Mucus has been shown to tame microbes in new study

Glycans, which are found in mucus, have the ability to regulate how microbes behave and could lead to new therapeutics.

A new study from MIT, US has revealed that glycans – branched sugar molecules found in mucus – can prevent bacteria from communicating with each other and forming infectious biofilms, effectively rendering them harmless. The researchers suggest that mucus could have therapeutic applications. 

“These glycans have biological functions that are very broad and sophisticated,” said Katharina Ribbeck, the Mark Hyman, Jr Career Development Professor of Biological Engineering at MIT. “They have the ability to regulate how microbes behave and really tune their identity.”

Ribbeck wanted to test whether glycans were involved in mucus’ ability to control the behaviour of microbes so she isolated glycans and exposed them to Pseudomonas aeruginosa, a pathogen that can cause infections in cystic fibrosis patients and people with compromised immune systems. Upon exposure to mucin glycans, the bacteria underwent broad shifts in behaviour that rendered them less harmful to the host.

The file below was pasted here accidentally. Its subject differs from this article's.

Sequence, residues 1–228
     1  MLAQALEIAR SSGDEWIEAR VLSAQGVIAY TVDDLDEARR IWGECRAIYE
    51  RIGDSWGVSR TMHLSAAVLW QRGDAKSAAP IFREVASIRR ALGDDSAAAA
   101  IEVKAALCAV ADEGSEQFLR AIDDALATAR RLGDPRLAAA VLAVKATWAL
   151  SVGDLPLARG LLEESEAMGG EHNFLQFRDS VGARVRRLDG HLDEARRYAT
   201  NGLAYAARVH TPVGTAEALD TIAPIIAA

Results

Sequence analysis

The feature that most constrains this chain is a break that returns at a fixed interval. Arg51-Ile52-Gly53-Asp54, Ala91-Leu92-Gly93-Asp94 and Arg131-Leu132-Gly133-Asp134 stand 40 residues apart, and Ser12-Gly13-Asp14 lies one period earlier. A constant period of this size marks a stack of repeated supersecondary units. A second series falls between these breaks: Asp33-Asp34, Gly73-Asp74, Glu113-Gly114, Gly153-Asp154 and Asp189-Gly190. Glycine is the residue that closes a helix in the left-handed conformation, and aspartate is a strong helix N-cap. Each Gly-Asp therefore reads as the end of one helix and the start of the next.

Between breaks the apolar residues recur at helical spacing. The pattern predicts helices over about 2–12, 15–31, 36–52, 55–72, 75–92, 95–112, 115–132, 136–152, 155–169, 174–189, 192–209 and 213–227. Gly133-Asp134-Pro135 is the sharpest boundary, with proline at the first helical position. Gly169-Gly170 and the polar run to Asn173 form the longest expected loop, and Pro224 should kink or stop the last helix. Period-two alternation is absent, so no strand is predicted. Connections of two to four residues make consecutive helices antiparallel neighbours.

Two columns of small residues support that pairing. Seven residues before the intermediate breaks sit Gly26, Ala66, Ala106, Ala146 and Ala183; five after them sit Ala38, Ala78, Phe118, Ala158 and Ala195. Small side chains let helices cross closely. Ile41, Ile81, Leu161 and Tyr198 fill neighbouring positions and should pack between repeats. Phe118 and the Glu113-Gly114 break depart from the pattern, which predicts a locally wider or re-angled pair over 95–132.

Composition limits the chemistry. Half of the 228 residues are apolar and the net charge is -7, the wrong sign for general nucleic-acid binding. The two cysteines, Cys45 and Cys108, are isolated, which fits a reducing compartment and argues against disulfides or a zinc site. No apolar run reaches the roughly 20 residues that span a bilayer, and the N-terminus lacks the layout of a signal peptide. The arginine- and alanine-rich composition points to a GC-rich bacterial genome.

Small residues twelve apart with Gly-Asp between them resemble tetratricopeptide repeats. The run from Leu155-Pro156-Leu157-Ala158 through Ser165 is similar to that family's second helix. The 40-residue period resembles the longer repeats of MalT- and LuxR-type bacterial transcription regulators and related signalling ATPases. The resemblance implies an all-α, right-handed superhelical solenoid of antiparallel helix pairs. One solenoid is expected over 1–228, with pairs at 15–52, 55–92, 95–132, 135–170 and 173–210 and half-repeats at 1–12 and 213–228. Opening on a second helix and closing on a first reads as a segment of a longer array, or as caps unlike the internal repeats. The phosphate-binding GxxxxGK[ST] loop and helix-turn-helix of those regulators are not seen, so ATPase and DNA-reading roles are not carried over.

This microbe-disarming activity had powerful consequences on the ability of this bacterium to establish infections. Ribbeck has shown that treatment of Pseudomonas-infected burn wounds with mucins and mucin glycans reduces bacterial proliferation, indicating the therapeutic potential of these virulence-neutralising agents.

A scanning electron microscope (SEM) image of the polymer network that makes up mucins (credit: Katharina Ribbeck).

Ribbeck and other researchers are now interested in using what they have learned about mucins and glycans to develop artificial mucus, which could offer a new way to treat diseases stemming from lost or defective mucus.

Harnessing the powers of mucus could also lead to new ways to treat antibiotic-resistant infections, because it offers a complementary strategy to traditional antibiotics, Ribbeck said.

“What we find here is that nature has evolved the ability to disarm difficult microbes, instead of killing them. This would not only help limit selective pressure for developing resistance, because they are not under pressure to find ways to survive, but it should also help create and maintain a diverse microbiome,” she explained.

The study was published in Nature Microbiology.

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